A leading adviser to the World Health Organization described the unprecedented outbreak of monkeypox in developed countries as “a random event” that appears to have been caused by sexual activity at two recent raves in Europe.
Dr. David Heymann, who formerly headed WHO’s emergencies department, told The Associated Press that the leading theory to explain the spread of the disease was sexual transmission at raves held in Spain and Belgium. Monkeypox has not previously triggered widespread outbreaks beyond Africa, where it is endemic in animals.
“We know monkeypox can spread when there is close contact with the lesions of someone who is infected, and it looks like sexual contact has now amplified that transmission,” said Heymann.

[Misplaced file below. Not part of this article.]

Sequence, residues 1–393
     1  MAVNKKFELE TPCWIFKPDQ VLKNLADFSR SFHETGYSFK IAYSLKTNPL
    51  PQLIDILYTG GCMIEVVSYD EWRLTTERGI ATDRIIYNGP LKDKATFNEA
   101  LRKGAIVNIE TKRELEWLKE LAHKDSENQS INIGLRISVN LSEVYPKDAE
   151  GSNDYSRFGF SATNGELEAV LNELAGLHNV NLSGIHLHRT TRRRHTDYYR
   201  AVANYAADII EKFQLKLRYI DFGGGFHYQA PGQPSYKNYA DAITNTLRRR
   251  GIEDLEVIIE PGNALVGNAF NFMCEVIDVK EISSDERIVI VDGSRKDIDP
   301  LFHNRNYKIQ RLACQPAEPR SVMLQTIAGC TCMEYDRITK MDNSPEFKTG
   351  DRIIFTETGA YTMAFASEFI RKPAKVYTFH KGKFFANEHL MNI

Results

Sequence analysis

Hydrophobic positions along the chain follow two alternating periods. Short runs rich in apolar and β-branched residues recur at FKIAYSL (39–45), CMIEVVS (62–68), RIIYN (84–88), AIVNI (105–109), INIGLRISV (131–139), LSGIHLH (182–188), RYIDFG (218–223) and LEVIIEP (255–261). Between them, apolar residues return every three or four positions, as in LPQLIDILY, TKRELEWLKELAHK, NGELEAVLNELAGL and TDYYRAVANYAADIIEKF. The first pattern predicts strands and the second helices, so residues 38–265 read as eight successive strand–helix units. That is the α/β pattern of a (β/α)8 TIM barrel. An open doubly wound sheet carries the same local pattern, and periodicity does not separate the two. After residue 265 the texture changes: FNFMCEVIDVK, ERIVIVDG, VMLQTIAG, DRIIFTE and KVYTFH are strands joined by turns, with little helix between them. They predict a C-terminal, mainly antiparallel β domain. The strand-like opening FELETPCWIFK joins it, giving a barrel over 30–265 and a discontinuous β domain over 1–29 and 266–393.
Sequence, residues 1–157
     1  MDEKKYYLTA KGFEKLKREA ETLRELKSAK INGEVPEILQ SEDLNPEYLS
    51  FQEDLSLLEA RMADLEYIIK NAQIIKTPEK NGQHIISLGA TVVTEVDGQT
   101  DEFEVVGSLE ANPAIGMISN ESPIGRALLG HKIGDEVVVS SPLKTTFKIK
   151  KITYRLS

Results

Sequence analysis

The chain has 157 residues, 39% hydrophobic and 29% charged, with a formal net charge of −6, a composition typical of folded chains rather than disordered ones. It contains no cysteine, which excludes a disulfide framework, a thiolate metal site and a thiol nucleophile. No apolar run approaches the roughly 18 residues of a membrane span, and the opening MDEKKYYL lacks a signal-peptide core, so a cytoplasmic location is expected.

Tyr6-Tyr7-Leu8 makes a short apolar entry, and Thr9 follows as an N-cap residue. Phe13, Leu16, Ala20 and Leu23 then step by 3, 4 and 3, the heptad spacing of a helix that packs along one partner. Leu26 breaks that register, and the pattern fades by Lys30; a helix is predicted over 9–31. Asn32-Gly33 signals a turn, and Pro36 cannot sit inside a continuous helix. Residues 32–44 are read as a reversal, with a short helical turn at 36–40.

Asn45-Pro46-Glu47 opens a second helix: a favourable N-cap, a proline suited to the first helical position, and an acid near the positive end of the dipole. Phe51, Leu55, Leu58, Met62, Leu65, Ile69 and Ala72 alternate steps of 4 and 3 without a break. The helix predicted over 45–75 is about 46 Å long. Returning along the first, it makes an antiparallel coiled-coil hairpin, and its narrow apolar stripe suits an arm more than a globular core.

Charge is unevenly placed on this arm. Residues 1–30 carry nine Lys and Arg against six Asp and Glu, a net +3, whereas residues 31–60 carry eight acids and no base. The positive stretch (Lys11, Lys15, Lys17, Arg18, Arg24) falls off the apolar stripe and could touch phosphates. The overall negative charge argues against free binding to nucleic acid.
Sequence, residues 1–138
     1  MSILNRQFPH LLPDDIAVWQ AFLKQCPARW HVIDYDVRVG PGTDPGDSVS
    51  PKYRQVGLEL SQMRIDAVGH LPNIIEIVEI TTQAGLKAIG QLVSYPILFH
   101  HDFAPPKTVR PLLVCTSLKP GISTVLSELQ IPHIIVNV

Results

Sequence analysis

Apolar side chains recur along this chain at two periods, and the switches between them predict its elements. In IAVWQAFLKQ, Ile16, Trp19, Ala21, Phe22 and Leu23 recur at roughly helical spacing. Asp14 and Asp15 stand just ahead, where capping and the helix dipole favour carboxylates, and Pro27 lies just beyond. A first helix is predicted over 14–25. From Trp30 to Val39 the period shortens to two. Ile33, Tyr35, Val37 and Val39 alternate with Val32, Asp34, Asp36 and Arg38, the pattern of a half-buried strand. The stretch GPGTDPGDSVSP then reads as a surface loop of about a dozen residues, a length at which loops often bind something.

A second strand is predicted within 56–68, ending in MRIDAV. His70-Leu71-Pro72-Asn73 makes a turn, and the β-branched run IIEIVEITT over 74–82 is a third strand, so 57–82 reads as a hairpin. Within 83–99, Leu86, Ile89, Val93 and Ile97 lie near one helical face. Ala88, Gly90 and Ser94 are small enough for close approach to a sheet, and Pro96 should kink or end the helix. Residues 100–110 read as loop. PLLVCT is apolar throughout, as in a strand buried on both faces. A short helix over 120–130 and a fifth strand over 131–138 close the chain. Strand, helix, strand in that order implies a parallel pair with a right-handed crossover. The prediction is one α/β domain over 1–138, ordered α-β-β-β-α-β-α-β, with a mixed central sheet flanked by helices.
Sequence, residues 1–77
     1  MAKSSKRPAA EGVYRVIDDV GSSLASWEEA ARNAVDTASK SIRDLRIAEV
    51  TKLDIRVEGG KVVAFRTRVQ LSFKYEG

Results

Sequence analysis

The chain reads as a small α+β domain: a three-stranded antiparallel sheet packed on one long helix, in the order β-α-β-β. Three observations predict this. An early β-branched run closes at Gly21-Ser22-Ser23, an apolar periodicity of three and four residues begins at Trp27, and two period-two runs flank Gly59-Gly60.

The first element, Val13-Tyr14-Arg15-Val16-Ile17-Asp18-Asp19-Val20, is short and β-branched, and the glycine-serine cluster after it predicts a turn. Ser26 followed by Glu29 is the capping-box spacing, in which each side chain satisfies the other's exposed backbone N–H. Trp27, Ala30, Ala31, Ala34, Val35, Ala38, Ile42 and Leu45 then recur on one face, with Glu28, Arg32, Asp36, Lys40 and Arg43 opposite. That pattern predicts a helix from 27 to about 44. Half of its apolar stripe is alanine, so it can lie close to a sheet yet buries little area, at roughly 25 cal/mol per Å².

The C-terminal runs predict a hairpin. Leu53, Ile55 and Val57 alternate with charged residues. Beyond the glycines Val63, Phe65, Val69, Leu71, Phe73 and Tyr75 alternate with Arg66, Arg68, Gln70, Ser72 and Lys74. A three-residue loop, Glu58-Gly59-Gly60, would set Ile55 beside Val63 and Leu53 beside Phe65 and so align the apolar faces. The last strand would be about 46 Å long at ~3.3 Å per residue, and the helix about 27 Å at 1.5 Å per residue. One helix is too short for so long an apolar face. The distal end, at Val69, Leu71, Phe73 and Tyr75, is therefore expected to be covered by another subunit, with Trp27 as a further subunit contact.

That marks a significant departure from the disease’s typical pattern of spread in central and western Africa, where people are mainly infected by animals like wild rodents and primates and outbreaks have not spilled across borders.
Health officials say most of the known cases in Europe have been among men who have sex with men, but anyone can be infected through close contact with a sick person, their clothing or bedsheets. Scientists say it will be difficult to disentangle whether the spread is being driven by sex or merely close contact.
That’s the official line at the moment.